Federal firefighters are trapped in a Catch-22 health crisis.
Firefighters do risky work, a presumption that is doubly true for the federal firefighters who not only fight wildfires but provide emergency response and medical technician services for military and civilian facilities. Despite these unusual duties, federal firefighters face higher hurdles to claiming disability benefits than most of their state and local counterparts.
According to the Labor Department's Office of Workers' Compensation Programs, which handles disability claims for federal workers, "A traumatic injury . . . must be caused by a specific event or incident or series of events or incidents within a single day or work shift."
Similarly, an exposure incident, which qualifies an employee for infectious disease coverage, is "contact with blood or other potentially infectious materials that results from the performance of an employee's duties."
Dolline Hatchett, a Labor Department spokeswoman, says the requirements are not aimed at identifying a precise incident, but rather to determine "only that the worker was exposed on the job . . . to a disease-producing agent, and that the worker's medical condition was caused by that exposure."
Many state and local firefighters are held to a different standard. Instead of putting the burden of proof on firefighters to demonstrate which incident caused their disability, laws in almost 40 states say conditions such as leukemia, lymphoma and lung disease are so linked to exposure to smoke, heat, stress and toxic substances that it is not firefighters' responsibility to prove that they contracted such an illness through their work.
Advocates for presumptive disability coverage for federal firefighters say the burden of proof is too high and dissuades firefighters from even applying for bene-fits they deserve. "The [Office of Workers' Compensation Programs] basically asks the employee to be able to definitively provide a source of the disability. If a firefighter gets hepatitis, he might not be able to track down the specific patient," says James B. Johnson, a district vice president of the Washington-based International Association of Fire Fighters.
Johnson says the standard is even more onerous because of high risks taken on by federal firefighters who respond to facilities such as military bases. "They're required to deal with hazardous materials that aren't normally found in a city or a municipal area," he says. "Obviously, there are a lot of weapons systems, explosives. . . . They're trained to handle those things, but there's an increased risk in terms of exposure. And often they don't even know what they're getting into because they're classified, and they're not even told until afterward."
IAFF and its allies in Congress have been pushing presumptive disability bills for more than six years. In 2001, 2002, 2003 and 2006, efforts withered. The House Government Reform Subcommittee on Federal Workforce and Agency Organization held hearings in 2005, when 8 million acres burned in 66,753 reported wildfires across the country, but never took action on the bill.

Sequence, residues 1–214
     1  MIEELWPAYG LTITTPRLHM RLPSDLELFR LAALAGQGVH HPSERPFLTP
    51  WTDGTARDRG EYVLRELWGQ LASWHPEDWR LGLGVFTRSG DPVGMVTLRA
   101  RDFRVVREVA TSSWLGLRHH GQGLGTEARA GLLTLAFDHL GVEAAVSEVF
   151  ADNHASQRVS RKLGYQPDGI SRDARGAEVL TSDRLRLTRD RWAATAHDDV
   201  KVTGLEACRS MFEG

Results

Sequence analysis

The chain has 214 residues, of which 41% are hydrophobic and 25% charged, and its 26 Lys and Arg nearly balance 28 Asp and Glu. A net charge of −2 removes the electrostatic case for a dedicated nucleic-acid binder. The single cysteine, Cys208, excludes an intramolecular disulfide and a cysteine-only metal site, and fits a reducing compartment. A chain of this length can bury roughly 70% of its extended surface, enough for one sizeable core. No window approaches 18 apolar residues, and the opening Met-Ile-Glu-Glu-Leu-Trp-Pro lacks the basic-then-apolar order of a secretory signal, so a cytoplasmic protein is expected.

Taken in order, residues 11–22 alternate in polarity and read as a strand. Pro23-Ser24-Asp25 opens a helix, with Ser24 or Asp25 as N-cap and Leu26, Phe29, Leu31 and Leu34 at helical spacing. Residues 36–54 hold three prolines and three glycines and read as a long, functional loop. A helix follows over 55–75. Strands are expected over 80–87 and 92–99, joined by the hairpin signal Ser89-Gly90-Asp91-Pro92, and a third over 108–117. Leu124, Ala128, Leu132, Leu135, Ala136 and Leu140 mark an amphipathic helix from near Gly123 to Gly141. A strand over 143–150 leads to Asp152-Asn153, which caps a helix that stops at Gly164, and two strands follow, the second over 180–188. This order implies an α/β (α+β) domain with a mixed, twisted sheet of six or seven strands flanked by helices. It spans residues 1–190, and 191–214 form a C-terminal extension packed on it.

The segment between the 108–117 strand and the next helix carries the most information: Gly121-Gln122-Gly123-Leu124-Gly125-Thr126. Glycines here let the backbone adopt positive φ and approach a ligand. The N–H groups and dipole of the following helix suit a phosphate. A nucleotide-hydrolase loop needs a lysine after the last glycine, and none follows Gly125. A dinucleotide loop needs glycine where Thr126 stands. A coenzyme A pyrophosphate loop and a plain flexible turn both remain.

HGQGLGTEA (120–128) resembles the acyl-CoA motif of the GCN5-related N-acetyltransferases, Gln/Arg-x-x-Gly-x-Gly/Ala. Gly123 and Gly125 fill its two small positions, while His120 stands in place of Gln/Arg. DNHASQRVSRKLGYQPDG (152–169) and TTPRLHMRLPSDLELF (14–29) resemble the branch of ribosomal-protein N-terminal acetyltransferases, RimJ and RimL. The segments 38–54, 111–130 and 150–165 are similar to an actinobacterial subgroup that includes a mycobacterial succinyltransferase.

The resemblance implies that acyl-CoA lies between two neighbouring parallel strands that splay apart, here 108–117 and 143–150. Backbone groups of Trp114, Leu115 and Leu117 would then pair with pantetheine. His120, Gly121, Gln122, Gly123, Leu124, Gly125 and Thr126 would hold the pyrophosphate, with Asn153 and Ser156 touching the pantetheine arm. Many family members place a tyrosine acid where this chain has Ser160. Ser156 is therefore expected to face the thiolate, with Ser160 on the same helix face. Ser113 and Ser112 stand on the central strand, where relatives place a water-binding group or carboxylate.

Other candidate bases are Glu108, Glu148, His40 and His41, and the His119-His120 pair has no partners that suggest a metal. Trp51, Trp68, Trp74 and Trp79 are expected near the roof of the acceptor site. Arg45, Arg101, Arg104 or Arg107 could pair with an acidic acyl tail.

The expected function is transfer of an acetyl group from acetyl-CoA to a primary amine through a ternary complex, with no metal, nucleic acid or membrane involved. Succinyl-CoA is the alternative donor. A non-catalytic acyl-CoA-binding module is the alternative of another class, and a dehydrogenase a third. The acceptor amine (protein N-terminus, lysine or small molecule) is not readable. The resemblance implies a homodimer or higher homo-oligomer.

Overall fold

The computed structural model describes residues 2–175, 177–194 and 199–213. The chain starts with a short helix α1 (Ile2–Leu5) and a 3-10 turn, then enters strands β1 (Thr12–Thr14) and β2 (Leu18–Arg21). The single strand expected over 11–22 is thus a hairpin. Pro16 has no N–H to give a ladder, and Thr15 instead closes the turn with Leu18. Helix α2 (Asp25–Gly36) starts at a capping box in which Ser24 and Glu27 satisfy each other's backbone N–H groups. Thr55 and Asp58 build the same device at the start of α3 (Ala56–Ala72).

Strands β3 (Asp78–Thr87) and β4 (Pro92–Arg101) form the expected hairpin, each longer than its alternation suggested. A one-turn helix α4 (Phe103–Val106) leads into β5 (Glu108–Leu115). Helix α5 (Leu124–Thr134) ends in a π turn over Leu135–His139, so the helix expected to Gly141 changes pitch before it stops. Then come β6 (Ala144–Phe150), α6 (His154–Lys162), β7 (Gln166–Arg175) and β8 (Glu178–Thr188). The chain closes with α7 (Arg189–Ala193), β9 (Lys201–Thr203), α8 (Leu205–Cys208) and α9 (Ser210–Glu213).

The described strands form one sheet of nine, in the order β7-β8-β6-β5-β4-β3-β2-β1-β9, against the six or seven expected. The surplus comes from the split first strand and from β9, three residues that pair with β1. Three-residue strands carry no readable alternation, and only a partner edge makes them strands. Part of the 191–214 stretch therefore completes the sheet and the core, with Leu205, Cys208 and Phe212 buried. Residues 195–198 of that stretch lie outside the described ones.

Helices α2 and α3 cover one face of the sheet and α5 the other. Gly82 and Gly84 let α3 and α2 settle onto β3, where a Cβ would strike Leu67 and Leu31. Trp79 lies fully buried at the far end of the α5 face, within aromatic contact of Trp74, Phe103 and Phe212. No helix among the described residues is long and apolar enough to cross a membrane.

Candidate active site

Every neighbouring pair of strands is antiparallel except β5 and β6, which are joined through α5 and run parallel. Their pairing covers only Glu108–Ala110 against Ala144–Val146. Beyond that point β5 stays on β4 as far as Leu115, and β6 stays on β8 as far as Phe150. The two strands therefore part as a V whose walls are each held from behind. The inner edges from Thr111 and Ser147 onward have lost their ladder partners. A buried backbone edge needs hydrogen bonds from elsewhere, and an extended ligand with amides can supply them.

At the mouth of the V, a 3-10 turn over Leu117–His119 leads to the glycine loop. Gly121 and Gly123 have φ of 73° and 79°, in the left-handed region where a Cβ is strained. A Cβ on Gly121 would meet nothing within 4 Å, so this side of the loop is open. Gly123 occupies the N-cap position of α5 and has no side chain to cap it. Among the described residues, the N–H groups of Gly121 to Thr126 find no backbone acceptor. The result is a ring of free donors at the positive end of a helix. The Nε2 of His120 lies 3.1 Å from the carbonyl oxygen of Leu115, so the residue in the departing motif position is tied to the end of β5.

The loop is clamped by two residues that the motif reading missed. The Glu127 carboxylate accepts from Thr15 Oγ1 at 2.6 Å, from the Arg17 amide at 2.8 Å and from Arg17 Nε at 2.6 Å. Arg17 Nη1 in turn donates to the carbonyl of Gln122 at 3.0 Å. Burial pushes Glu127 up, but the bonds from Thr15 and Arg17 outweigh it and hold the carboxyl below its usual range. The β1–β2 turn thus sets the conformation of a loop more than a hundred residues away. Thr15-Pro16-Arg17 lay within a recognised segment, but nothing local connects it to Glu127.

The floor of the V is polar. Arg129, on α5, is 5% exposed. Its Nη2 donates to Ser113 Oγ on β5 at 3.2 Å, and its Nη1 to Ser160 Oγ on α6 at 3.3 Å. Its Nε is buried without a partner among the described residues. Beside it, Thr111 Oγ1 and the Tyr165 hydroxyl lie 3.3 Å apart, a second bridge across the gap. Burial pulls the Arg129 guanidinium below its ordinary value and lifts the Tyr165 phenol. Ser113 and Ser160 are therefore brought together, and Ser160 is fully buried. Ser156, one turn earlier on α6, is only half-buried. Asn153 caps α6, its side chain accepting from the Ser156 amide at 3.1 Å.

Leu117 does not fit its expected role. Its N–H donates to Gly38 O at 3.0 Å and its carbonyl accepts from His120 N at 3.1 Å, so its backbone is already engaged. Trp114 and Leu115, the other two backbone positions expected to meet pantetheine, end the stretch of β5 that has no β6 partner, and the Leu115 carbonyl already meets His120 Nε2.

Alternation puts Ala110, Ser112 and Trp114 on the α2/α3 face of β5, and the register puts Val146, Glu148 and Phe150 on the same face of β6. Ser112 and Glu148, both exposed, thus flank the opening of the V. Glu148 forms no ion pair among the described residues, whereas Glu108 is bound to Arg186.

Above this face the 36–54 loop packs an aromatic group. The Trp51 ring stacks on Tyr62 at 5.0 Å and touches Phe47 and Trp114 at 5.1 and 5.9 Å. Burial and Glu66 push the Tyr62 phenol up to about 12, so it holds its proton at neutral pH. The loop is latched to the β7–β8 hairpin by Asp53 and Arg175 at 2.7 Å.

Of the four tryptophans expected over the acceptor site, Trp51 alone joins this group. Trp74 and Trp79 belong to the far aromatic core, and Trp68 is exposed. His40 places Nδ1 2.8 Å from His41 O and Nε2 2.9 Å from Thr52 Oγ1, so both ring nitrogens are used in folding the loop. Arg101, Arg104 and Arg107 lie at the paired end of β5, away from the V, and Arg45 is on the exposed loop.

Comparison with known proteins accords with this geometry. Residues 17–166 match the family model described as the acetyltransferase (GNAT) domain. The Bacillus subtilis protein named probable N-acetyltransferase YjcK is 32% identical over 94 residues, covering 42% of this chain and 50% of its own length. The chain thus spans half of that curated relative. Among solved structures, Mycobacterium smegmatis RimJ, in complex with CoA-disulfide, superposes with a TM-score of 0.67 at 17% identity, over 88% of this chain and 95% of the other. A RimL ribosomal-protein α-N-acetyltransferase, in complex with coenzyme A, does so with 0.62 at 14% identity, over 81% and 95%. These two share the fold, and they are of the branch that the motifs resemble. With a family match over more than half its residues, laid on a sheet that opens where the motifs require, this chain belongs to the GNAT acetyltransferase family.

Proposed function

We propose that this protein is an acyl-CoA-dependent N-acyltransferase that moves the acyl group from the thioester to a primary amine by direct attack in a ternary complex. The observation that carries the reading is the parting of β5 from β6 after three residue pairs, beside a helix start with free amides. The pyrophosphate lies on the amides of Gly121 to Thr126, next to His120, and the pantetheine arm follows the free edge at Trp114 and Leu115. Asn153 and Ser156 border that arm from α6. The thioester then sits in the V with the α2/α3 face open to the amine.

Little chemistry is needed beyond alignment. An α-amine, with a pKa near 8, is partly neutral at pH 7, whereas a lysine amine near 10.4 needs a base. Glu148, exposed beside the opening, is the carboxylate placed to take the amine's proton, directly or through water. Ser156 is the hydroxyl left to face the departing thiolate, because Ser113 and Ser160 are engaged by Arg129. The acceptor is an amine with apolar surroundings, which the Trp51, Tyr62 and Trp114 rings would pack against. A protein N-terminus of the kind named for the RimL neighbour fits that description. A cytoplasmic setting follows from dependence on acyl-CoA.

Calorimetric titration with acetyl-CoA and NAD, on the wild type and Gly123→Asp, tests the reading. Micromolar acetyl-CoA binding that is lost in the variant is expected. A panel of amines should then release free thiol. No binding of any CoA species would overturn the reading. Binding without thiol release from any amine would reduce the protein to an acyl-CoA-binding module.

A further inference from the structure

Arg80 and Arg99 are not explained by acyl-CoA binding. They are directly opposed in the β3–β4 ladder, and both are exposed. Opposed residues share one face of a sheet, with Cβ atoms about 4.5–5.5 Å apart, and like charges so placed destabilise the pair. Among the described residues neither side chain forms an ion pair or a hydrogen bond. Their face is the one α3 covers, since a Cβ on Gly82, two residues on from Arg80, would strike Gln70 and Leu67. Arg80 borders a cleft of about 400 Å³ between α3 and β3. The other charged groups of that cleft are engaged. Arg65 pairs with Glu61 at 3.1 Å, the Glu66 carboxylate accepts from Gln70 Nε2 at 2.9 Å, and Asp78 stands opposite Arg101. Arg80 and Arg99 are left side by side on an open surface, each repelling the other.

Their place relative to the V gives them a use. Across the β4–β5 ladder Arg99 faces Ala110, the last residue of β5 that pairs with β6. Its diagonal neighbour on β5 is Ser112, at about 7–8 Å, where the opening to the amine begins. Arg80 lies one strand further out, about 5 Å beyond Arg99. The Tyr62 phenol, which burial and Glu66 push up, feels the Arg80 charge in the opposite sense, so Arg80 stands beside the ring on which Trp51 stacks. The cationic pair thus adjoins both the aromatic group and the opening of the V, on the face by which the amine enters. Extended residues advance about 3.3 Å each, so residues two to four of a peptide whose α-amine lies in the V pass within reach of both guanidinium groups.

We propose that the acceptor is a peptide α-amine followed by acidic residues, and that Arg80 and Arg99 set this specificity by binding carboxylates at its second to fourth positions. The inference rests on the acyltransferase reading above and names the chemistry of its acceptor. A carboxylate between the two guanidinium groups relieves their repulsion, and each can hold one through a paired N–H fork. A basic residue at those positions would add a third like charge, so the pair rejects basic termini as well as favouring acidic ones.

The number of House and Senate supporters has grown since 2001 as the long-term health concerns of emergency workers at the World Trade Center site has raised the issue's profile. A bipartisan group of 108 representatives joined Rep. Lois Capps, D-Calif., in sponsoring the measure she introduced in February. She says she was moved when one of the many federal firefighters who live and work at Air Force and Navy bases in her district contracted brain cancer. "After fighting through the painful treatments and radiation therapy, this father of three found himself responsible for tens of thousands of dollars in co-pays for his treatment," she says.
"Without presumptive care protection, he has only limited federal insurance coverage and must rely on the support of his fellow firefighters from the IAFF."
But the fact that firefighters aren't pursuing disability claims they don't think they can win actually could be hurting their case in Congress, which has told the IAFF that the potential cost of a presumptive disability standard is a concern. Congressional leaders have asked the Government Accountability Office to study the cost of a presumptive disability law, but that study has not been completed.
"We really don't know how many federal employees would be affected, because a lot of employees don't even file claims anymore because they know they're going to be denied," Johnson says.
When firefighters do file, they sometimes are shunted off into other retirement programs, further complicating the IAFF's efforts to convince lawmakers that presumptive disability coverage is necessary.
"One of our people will go to their personnel officer after receiving a diagnosis, and the person in the office will say to them, we don't pay workers' comp for occupational illnesses, you're just going to have to retire through this other retirement program," says Barry Kasinitz, IAFF's director of governmental affairs. "So they fill out the paperwork, and off they go and retire, and there is no record of that person having been denied benefits."
Johnson says OWCP might need to adopt a new approach to assessing the ailments that are an inherent hazard of firefighters' work. "Technology has improved and scientific research has improved, and now we're seeing how certain exposures result in certain cancers," he says. "OWCP was originally put in place for simpler disability issues like back injury."